Thursday, 5 June 2014

Lost and Found

I mentioned earlier we are in the process of renovating our Georgian home. The house was left to get into a shocking state of disrepair before we bought it, but given that there are so many original features, I don't mind. For the most part we have to clear out and clean up before we can repair things like the plumbing. There is literally a century of dirt under the floor boards. As we fix and repair we do occasionally find bits and pieces. Usually just rusty nails and cobwebs but there have been a few Eureka moments, though I have to admit, the things I find intriguing would probably be discarded by other renovators.
As a letter writer, all written things interest me so when we find bits of old newspaper, I carefully unfold them and try to read the news of the day. We've found scraps of papers from the 50s, 70s and 80s which are interesting in their own right, but the bits of the paper from 1901 we found were incredible. As a society we don't realize just how the way we speak and write is ever changing and newspapers document that change. Even more exciting than finding the papers was the lady's calling card we found safely hidden beneath the floorboards in bedroom 2 for nearly 100 years; sadly abbreviated by mice, but still a treasure. This morning I was caught off guard when I found a single postage stamp behind the skirting board in that very same room. It's easy to figure out how that could have gotten lost behind there, as thin and fluttery as it is, but I still like to wonder who it belonged to. Perhaps, Cynthia, the lady who left her card?   After a bit of research I found it was a King George VI stamp from 1937.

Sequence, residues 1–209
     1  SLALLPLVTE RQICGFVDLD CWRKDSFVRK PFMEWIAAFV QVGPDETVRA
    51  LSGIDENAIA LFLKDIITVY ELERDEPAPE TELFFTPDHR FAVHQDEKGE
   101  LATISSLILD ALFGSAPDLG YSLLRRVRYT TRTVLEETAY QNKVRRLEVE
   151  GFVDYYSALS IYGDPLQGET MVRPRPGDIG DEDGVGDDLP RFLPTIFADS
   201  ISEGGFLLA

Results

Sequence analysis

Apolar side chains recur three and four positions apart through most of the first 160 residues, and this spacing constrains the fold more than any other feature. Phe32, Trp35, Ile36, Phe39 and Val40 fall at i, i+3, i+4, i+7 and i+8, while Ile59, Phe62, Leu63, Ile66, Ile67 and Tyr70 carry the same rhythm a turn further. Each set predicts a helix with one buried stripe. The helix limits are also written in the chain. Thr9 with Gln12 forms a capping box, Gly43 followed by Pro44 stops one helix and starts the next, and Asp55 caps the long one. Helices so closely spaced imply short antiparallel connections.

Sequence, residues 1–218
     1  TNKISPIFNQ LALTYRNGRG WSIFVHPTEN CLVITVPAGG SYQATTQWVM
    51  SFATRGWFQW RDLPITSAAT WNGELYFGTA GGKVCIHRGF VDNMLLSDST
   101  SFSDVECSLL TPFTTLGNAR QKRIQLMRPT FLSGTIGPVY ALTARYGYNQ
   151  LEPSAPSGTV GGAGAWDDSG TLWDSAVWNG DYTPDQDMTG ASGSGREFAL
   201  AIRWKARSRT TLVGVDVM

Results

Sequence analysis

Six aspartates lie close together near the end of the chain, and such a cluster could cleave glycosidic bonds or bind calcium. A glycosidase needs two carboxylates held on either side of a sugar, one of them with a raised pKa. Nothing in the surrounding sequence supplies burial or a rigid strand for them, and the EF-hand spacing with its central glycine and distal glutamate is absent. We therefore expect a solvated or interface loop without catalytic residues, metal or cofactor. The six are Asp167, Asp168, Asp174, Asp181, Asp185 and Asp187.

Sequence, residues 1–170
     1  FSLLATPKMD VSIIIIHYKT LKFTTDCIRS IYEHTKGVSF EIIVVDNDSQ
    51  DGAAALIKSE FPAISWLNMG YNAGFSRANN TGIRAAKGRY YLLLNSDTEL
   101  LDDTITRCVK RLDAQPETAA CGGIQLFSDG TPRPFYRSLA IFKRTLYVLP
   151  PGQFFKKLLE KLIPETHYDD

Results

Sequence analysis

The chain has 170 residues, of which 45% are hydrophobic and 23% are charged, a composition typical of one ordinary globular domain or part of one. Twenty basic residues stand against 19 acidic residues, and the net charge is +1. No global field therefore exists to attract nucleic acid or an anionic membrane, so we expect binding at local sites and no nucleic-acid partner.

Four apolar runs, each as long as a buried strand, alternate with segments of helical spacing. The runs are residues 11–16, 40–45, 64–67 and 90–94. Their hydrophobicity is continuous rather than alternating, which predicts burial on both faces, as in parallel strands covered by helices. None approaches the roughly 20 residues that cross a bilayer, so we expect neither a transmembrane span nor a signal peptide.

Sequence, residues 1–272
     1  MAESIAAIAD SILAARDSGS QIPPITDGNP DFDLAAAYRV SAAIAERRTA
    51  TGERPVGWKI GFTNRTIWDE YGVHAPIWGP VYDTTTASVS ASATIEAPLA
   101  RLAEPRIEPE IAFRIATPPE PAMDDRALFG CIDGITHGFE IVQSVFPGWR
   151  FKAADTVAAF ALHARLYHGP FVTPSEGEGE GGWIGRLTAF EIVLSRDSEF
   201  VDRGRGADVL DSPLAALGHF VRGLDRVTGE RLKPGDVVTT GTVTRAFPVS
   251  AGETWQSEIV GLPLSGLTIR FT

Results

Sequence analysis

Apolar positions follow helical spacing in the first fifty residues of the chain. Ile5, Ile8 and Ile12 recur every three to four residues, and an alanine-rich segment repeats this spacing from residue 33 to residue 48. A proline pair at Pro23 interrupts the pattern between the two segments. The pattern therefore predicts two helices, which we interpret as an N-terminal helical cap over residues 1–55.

I wonder if that is where Cynthia's desk was, against that wall where I found the stamp. I've wondered about Cynthia as well. She and her family did live in the house in the 1930's and did a little renovating in their own style which was Art Deco. Bakelite doorknobs and geometric mirrors still exists upstairs and there was a bit of wallpaper in the hall that could only have been from that era.

Other, earlier residents have left little bits of themselves behind as well. Including someone who left a secret stash of bottles and cigarettes in a cubby hole under the stairs. I have done some research to acquaint myself with the former residents. Old census forms and because our house was once the rectory for the local church, a long list of vicars and their families. I'm curious about them all. I'd love to know who Colleen was. I found her name written boldly on my bedroom wall when I took some of the wall paper down. And in another room, the scent of perfume came wafting by when wallpaper was removed. Little glimpses of previous tenants light up my imagination.

I think I will write a letter and tuck it somewhere out of the way for someone to discover in another time. I like the idea of leaving a little bit of myself to meet the future. I wonder what the person who finds it will think when they find my missive? Have you ever done anything like that? Left a note, carved your name on a tree, made a time capsule for the future to tell of your existence?


  1. What a lovely post. I read it twice. I want to know more! You are a gifted storyteller, a gracious hostess who invites us into your life and puts us at ease the moment we cross your imaginary threshold. I imagine Cynthia giving you a nod of approval. Surely she'd be touched by your introduction and interest. Everyone wants to be remembered. Well, almost everyone.

    I hope you are able flesh out both women some day. And tell us all about your home, the renovations, your finds, and your musings! I have never seriously considered leaving evidence of my existence, until now. Hmm.

    Another interesting post. :) Great job!

  2. Thank you for all the lovely things you write. Cynthia has been on my mind since we found her card. Her family lives in Ireland now and although we have written asking about the family, they haven't replied, sadly. I'm going to try again though, the first attempt was an email, but we know letters move mountains!

  3. Good for you! I'm crossing my fingers. This is actually exciting. LOL!

  4. I'll let you know how it turns out.